You missed the boat on the issue raised in “Internet Raises Sticky Questions About Ownership of IP in Academia.” Faculty claims to IP are only a stalking horse for the real issue: How to protect faculty jobs, once broad band brings in full and complete, very low cost, distance learning. You can understand this issue only in the context of considering what would happen to higher education once, for example, AOL offers the entire curriculum of Harvard for a subscription fee of $20 a month. Do the math: One million subscribers would yield a revenue stream of $20 million a month or $250 million a year. Several business plans have projected the total cost of producing the content at less than $25 million a year. Higher education classroom teaching is the most inefficient segment of white collar work left in America. That is surely bound to change in the next ten years and faculty members recognize such and are doing what they can to preserve the status quo.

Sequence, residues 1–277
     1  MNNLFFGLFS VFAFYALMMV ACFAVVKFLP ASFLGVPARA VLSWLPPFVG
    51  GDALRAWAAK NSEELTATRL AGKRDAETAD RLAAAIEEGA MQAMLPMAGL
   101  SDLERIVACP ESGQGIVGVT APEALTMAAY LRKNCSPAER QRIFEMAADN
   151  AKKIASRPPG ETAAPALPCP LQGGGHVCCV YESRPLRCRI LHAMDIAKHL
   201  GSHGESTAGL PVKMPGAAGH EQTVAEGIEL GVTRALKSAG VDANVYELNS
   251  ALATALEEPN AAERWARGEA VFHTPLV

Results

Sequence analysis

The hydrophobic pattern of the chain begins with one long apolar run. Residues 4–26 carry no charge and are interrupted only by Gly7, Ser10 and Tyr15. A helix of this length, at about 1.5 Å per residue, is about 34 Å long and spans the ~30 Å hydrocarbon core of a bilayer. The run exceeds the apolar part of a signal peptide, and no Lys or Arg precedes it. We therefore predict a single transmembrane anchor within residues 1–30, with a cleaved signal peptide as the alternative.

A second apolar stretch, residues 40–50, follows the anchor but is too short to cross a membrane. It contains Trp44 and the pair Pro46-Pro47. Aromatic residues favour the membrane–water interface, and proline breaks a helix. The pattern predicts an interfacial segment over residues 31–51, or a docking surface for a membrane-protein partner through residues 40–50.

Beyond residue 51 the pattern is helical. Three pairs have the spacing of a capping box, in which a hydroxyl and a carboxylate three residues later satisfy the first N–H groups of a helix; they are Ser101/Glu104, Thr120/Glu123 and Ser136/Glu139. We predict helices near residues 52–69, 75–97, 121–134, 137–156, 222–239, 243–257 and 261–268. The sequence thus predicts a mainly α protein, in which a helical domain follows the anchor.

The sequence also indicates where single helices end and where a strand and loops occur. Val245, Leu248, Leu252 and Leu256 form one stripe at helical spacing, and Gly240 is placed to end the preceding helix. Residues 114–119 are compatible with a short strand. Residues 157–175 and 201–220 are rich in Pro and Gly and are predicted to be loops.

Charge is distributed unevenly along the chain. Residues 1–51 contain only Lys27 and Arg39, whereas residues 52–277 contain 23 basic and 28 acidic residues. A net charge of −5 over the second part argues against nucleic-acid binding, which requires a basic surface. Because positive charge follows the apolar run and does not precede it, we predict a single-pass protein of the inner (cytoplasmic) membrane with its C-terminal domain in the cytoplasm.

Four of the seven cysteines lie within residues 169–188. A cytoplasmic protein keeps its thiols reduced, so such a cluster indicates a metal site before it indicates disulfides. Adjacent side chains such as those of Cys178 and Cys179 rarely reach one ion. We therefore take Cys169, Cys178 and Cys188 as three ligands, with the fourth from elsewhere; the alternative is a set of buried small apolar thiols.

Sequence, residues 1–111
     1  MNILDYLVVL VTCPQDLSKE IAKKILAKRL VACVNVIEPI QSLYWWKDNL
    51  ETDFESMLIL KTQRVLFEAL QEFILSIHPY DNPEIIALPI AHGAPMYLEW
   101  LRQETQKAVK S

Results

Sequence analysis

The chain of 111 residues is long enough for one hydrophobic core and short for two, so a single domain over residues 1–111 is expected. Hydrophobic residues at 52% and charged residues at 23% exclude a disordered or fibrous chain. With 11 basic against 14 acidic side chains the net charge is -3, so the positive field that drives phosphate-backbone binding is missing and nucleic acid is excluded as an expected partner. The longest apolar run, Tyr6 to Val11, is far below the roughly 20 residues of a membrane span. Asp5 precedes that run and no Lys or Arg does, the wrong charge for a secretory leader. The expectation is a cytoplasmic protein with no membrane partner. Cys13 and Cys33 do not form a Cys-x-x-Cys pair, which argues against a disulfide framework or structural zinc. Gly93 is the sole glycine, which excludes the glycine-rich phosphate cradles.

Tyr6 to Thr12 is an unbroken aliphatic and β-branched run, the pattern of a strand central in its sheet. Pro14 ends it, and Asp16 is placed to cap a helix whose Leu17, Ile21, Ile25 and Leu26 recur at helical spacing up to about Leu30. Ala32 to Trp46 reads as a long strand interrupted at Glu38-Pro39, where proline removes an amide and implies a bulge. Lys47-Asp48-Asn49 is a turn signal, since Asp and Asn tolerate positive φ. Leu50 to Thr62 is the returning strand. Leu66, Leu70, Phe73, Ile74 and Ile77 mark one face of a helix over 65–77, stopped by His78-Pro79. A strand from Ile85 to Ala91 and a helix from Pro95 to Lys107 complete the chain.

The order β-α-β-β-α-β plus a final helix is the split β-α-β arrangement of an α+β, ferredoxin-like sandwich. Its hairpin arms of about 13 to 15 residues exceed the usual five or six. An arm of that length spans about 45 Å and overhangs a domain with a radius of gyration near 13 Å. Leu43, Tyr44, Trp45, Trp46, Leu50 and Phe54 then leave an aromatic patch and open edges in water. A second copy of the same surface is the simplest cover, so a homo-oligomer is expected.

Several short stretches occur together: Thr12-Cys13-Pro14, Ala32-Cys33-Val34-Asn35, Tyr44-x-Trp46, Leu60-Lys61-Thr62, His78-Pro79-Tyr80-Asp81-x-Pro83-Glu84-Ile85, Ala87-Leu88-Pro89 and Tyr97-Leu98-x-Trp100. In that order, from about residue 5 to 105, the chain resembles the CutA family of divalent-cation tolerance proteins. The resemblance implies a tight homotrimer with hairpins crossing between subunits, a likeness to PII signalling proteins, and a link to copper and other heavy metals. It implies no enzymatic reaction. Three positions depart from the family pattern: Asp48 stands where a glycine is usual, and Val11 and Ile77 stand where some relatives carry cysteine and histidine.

Second, your piece wholly failed to look at the issue through the eyes of the consumer, the student who is better off having good notes from which to study. Education is not a game. The object is for the student to learn.

This content has been archived. It is available through our partners, LexisNexis® and Bloomberg Law.

To view this content, please continue to their sites.

Not a Lexis Subscriber?
Subscribe Now

Not a Bloomberg Law Subscriber?
Subscribe Now

Why am I seeing this?

LexisNexis® and Bloomberg Law are third party online distributors of the broad collection of current and archived versions of ALM's legal news publications. LexisNexis® and Bloomberg Law customers are able to access and use ALM's content, including content from the National Law Journal, The American Lawyer, Legaltech News, The New York Law Journal, and Corporate Counsel, as well as other sources of legal information.

For questions call 1-877-256-2472 or contact us at [email protected]